I have this project idea at the back of my mind which I mentally refer to as “My Life in RDF”.
Rather than being an exciting diary of the trials and tribulations of a lone hacker, wrestling with semantic web technologies for fun and profit, you should read that title a bit more literally: the details of my life — the raw details of what I do — available as RDF.
At this point I should probably try to dispel any whiff of conceit here. I don’t necessarily think that the world (or the Semantic Web) is waiting with baited breath to know exactly what page of “Impossibility” I’m on at the moment  or what I’m listening to as I write this  or what I thought of the last film I saw . Far from it! However the success of the Semantic Web is obviously predicated (pun intended 🙂 on the availability of as much machine-processable metadata as possible. And as potential citizens of the Semantic Web who wish to gain the most from that environment, this means providing information about ourselves.
Obviously there are security and trust issues to be considered and resolved here. For the moment though I’m setting those aside. Not because I think they’re secondary issues, but because I think that the immediate hurdle of extracting and publishing this data from the decidely un-semantic application environment in which we currently exist is a much bigger one. I also believe that some of the security, privacy and social issues won’t be visible until we’re suddenly awash in a sea of triples and new capabilities begin to emerge; these problems are never where you expect them to be.
The kind of data that would be exported by “My Life in RDF” would be as comprehensive as possible. I’m interested in finding out in what ways that a stream of data about what I’m doing, thinking, watching, reading, listening to etc can be knitted together to build new kinds of applications. People-centric applications. Many people have already realised that the while blogging phenomenon has only begun to scratch at the surface of the potential here.
“People who watched About Schmidt last night are typically listening to these artists…”
“There are actually 5 Semantic Web developers in the same area as you at the moment, do you want to co-ordinate a face-to-fact meeting? There’s wireless access in the coffee shop 200 yards down the road”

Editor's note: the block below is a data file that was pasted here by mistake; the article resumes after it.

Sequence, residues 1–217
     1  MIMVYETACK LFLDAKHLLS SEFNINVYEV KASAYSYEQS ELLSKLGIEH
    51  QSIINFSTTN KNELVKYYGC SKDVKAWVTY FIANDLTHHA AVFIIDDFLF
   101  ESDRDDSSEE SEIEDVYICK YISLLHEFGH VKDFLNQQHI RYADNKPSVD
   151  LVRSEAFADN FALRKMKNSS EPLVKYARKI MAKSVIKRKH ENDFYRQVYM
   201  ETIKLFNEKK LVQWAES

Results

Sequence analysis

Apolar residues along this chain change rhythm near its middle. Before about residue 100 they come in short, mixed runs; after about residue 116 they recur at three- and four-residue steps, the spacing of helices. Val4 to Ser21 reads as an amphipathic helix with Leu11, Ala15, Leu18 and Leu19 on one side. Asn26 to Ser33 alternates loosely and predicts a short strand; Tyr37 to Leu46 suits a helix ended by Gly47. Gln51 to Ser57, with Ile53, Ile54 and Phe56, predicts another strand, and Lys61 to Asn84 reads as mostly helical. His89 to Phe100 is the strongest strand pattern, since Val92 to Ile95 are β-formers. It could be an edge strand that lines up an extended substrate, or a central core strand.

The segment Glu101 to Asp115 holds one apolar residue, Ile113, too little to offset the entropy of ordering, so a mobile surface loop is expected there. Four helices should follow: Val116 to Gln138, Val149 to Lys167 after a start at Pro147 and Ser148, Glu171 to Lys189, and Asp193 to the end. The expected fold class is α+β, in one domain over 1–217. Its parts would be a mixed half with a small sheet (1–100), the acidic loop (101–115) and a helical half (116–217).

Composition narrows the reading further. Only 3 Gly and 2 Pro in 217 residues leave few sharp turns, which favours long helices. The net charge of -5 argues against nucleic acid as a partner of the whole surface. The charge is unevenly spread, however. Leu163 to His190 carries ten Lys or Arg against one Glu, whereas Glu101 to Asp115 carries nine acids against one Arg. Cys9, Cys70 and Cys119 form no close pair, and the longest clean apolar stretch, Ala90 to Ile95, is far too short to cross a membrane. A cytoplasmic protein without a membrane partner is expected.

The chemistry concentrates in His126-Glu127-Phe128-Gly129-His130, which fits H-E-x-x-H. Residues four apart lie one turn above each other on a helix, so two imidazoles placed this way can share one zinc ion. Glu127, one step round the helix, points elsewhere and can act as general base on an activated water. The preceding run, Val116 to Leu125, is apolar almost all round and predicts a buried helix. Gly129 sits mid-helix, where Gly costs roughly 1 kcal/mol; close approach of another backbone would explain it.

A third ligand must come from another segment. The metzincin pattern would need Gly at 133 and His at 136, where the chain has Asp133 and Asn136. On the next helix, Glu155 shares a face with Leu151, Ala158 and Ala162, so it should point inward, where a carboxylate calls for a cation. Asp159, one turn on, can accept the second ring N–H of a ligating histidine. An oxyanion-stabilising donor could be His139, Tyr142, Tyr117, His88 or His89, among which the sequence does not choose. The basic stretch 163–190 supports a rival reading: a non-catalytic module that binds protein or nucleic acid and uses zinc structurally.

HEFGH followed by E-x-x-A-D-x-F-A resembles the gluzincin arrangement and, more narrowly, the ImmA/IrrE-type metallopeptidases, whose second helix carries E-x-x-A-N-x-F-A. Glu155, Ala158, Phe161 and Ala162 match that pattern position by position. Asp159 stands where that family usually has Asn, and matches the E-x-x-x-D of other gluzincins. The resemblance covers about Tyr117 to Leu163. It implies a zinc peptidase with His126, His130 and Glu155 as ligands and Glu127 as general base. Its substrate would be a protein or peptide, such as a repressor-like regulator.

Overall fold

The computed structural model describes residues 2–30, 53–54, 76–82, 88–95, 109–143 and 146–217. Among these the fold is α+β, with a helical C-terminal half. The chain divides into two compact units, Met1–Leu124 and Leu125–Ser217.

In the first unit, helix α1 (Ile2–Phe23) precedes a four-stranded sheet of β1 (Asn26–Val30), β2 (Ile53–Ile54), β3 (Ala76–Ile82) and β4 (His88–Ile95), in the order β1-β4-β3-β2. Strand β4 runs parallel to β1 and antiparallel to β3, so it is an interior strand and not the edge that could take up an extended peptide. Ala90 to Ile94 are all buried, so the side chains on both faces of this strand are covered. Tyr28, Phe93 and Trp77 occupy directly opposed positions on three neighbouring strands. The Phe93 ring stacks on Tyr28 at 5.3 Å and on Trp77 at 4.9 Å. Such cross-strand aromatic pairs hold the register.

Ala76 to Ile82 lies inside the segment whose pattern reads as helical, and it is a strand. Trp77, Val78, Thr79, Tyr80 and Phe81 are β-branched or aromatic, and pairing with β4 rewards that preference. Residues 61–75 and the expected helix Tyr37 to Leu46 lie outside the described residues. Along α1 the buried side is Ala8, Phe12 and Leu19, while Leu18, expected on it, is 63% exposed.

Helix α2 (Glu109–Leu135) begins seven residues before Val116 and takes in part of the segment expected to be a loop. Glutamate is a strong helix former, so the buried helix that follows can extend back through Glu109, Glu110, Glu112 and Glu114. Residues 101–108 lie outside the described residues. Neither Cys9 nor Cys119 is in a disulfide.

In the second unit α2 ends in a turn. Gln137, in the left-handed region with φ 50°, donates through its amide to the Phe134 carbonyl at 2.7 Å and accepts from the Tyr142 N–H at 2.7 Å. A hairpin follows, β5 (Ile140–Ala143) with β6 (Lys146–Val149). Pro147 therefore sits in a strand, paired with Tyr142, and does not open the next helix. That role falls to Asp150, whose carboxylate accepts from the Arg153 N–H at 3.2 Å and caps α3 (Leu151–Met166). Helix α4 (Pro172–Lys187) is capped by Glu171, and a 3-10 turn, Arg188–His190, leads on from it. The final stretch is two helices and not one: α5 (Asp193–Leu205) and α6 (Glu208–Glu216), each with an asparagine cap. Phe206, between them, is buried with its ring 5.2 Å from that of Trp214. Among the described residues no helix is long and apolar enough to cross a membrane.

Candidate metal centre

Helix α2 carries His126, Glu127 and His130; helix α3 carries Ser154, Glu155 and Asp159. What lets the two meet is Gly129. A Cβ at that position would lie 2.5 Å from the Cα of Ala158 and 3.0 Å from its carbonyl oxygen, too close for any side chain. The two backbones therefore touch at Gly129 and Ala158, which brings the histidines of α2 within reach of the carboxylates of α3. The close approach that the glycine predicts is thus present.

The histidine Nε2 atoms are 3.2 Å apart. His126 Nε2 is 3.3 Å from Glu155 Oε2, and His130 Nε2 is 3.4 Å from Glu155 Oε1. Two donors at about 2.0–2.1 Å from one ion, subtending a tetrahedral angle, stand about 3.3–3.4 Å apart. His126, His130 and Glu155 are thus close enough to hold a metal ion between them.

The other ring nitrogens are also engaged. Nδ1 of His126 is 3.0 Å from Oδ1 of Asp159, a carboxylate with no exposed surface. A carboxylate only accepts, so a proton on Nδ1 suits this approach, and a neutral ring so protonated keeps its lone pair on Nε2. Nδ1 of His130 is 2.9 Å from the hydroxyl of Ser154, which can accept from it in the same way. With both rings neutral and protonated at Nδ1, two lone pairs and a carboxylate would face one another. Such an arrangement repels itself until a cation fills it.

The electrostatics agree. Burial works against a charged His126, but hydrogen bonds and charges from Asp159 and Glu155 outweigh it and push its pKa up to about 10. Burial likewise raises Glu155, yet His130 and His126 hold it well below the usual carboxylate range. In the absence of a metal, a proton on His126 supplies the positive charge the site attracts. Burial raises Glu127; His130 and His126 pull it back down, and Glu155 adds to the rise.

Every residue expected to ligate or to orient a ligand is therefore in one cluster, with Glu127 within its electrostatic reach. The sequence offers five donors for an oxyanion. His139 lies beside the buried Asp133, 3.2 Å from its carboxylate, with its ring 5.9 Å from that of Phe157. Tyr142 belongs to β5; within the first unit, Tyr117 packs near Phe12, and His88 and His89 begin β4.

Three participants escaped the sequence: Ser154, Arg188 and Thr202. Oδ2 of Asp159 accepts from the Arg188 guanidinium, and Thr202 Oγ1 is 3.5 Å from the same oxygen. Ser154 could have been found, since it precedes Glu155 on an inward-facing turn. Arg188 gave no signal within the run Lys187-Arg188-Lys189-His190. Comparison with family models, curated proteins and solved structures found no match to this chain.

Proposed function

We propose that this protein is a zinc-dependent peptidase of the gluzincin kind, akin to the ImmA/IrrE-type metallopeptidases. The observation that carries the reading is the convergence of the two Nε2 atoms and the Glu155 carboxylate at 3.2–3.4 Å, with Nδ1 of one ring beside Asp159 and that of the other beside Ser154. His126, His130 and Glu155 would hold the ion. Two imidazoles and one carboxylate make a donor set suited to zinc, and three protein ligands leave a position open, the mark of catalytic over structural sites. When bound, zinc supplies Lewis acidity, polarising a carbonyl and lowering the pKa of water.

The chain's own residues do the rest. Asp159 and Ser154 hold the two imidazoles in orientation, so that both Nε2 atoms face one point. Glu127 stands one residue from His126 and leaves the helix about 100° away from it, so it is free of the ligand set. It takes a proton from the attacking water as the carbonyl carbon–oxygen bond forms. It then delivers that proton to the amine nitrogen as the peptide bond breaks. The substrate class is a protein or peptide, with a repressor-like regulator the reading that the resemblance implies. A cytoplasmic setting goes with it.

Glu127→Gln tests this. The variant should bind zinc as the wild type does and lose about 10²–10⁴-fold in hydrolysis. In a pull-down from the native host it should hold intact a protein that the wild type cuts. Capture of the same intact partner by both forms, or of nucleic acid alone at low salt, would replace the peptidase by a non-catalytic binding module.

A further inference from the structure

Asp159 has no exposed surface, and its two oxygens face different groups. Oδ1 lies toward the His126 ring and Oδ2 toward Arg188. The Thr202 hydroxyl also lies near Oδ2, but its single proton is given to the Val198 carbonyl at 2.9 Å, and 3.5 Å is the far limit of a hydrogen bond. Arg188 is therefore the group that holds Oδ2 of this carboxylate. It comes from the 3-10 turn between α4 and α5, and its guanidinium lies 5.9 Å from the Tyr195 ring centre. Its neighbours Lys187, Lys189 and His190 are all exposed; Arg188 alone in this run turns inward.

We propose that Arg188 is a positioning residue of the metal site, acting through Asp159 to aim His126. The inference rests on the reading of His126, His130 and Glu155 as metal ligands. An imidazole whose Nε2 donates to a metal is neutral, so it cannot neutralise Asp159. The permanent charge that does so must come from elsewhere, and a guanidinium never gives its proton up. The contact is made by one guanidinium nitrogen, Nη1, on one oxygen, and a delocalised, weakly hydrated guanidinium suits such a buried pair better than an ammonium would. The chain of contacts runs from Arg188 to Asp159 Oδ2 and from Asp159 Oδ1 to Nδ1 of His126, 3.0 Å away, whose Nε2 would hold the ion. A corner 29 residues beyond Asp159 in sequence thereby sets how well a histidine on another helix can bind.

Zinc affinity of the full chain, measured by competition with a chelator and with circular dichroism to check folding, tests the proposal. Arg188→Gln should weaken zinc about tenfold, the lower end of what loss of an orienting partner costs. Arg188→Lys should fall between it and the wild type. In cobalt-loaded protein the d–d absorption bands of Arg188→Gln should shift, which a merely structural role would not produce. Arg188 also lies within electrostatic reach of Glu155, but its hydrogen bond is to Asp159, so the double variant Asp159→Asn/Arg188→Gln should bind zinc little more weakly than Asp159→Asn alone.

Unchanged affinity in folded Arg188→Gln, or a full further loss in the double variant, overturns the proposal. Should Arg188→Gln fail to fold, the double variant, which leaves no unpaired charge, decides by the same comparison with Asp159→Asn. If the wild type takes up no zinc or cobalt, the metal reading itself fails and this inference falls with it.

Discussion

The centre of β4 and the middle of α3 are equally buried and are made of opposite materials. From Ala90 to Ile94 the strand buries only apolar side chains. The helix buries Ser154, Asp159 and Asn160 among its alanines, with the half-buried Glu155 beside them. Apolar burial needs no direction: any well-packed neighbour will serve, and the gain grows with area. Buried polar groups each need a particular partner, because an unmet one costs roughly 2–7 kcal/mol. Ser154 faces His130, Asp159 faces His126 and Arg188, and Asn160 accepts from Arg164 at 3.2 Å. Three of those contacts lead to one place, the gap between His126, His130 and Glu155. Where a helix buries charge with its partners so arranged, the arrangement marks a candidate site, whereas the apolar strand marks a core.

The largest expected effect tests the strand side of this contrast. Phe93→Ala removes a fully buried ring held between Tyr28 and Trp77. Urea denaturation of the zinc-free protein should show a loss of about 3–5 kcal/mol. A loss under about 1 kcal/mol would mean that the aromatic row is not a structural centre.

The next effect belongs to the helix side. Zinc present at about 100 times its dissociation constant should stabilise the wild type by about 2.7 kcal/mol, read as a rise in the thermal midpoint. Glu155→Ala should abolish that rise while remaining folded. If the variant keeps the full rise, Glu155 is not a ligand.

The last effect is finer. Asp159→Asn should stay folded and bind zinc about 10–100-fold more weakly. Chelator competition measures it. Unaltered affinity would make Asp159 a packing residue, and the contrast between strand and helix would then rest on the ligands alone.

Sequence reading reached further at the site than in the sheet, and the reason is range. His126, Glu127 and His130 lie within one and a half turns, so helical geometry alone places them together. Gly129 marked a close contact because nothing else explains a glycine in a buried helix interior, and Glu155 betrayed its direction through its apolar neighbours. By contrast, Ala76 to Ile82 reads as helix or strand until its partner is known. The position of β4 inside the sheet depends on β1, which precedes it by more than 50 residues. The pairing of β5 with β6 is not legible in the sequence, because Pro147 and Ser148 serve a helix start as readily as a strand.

You know the kind of thing. Those aren’t even great examples.
Another important aspect of “My Life in RDF” would be to fill in the details of your existing environment. Suddenly enabling RDF data streams about yourself and your current activities would be akin to a Semantic Web “Year Zero”. To pick obvious examples what about the music or books that are already on your shelf, the novels you’ve already read? I (we) need to be able to import other data.
I haven’t gotten very far with imagining what kind of technology framework “My Life in RDF” would actually involve. It may just be a disparate set of data feeds produced by myself, automatically by my applications, or by other organisations (if sanctioned). The central aspect would be that I would be at the center of the web controlling all aspects of it: it’s my data after all.
Rather romantically I imagine myself as the King of Data Province, a Scribe ready by my shoulder to record my latest thoughts, quips and travels. In concentric circles, radiating outward from my throne situated at the pinnacle of my Castle, move my trusted friends and colleagues who have access to the Keep and the Library. Beyond the castle walls, but within the moat, is a wider community with whom I interact; anonymously sometimes, hiding my robes under a dark cloak. Still further beyond the moat lie the Bad-Lands: an unmapped territory, its people an unknown quantity, their unwanted attentions kept at bay by the moat and walls of my demesne.
With all this in mind I read with interest Edd Dumbill’s note about the Semantic Web dashboard being developed by Nat Friedman. This looks like a great step in the right direction: “My Life in RDF” on the desktop, something that could be of immediate benefit to me. Inverting this, so that the data is available to a trusted group of others, is not a great step from there. Tim O’Reilly’s “All Software Should Be Network Aware” article covers a similar theme. I like the idea of a set of application guidelines.
Much of the code hacking I’m working on at the moment especially my FOAF tools, has all of this as its context. I want to help boot-strap a Semantic Web community of people . Other things I have in mind are tools for cataloguing book, music and photo collections. Tools that are designed with the non-technical end user in mind.
1. Somewhere in chapter 1. It’s not as readable as The Meme Machine, but nevertheless extremely interesting
2. A series of tracks including An Fhomhair (Orbital, US Remix CD of The Altogether); Serpents (Nitin Sawhney); 3AM Eternal/Blue Danube (KLF/Strauss; a bizarre but cool remix by The Orb Remix Project); Chemical Beats (The Chemical Brothers); Words (The Doves); and more.
3. About Schmidt. An excellent film, but one that left me feeling quite depressed. I found the emotional “happy” ending to actually further underscore the tragedy of Schimdt’s life: that his efforts to build a life that mattered, by following all the usual paths, were ultimately fruitless yet an action taken on a moments guilty feeling had profound repercussions. But then I tend to get emotional over any fatherhood theme ever since I became one. And the suggestion that one could end up becoming a bad, or at least (emotionally) distant, parent without realising its happening is profoundly scary.
4. And it’s a shame that “community” is becoming such a tired word these days. Maybe it’s a parenting thing, but I find it something that I’m craving more and more.